A leading Catholic independent school that counts former leaders of the BBC and the TUC as well as one the UK’s most popular poets among its old boys is the latest to join a growing trend – leaving the private sector and applying to become a state school.
St Mary’s College in Crosby, Merseyside, wants to become one of the Education Secretary Michael Gove’s free schools, to make it easier to reconnect with its local community.
The school, founded by the Roman Catholic Congregation of Christian Brothers in 1919 with the aim of educating poor children in Liverpool, has had dwindling rolls in recent years as fewer parents in the area can afford to pay fees. The prospect of offering free places to disadvantaged pupils also dimmed with the axeing of the previous Conservative government’s assisted places scheme, which offered subsidised places to bright poorer pupils.
It has a glittering array of alumni including the poet Roger McGough, former BBC director-general John Birt, ex-TUC chief Brendan Barber, Olympic swimmer Francesca Halsall and broadcaster and writer Laurie Taylor.
It is the fourth school in the Headmasters’ and Headmistresses’ Conference (HMC) – which represents 250 of the country’s elite private schools including Eton and Harrow – to quit the independent sector. It also joins a growing band of former direct grant schools – a status abolished by Labour in its drive for comprehensive education in the 1970s – seeking to join the state sector.
Mike Kennedy, the school’s principal, said: “We put in our application two weeks ago. We’ve yet to be investigated and yet to be accepted. The main reason was to widen access to the school. We were set up in 1919 with the aim of educating poor children. However, over the past 10 years, fewer and fewer from the lower economic groups have been able to come here. Effectively, by doing this we’re enabling the school to open its doors to all-comers.”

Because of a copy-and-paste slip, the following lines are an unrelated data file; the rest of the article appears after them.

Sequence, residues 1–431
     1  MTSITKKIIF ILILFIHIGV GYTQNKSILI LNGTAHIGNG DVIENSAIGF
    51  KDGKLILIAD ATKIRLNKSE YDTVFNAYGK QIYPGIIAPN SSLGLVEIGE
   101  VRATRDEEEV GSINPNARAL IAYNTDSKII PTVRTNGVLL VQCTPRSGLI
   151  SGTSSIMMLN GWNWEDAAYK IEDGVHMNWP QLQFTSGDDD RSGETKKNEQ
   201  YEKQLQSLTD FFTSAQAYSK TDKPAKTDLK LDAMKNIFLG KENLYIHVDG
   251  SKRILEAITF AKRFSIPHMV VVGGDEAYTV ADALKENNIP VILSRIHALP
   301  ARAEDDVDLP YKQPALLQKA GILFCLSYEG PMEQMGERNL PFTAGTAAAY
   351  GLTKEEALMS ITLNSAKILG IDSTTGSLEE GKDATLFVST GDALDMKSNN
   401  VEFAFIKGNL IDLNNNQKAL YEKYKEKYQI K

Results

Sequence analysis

During recent years, he said, a number of parents had come to the conclusion they could not afford the fees any more. “Especially round here, there are a lot of parents in public service and a lot of people have been coming and saying they can’t afford to pay for the place any more,” he added.
The school, which admits boys and girls, hopes that, if it is allowed to transfer, it can build up to 1,000 pupils again. At present, it has 400 in the senior school, 130 in the prep school and 100 in the early years.
It will have to abandon selection, but believes that the fair banding system free schools use will enable it to get a spread of pupils from throughout the ability range. It will also have to limit the number of pupils selected on grounds on faith to 50 per cent.
“That’s probably about where we are now,” said Mr Kennedy. “I think it is an important feature of the school that we’re inclusive.”
News of the school’s decision has prompted an increase in the numbers seeking to sit its entrance test this year, in the hope that they will have to pay fees for only one year before it becomes a free school.
It also coincides with a prediction by the former schools minister Lord Adonis that between 50 and 100 private schools will join the state sector over the next decade. Lord Adonis estimated that 15 had already done so since the birth of the academies and free schools programmes. Five more are set to follow suit this September.
Among those that have already applied are HMC schools Liverpool College – one of the organisation’s 12 founding fathers – Queen Elizabeth’s Grammar School in Blackburn, Lancashire, and Batley Grammar School. The last two are also former direct grant schools.
Barnaby Lenon, the former head of Harrow who is now chairman of the Independent Schools Council, said: “There are many independent schools who would be perfectly happy to go back to the assisted places or direct grant scheme.”
To qualify, St Mary’s has to be a good or outstanding school and offer value for money. It hopes to start as a free school in September 2015.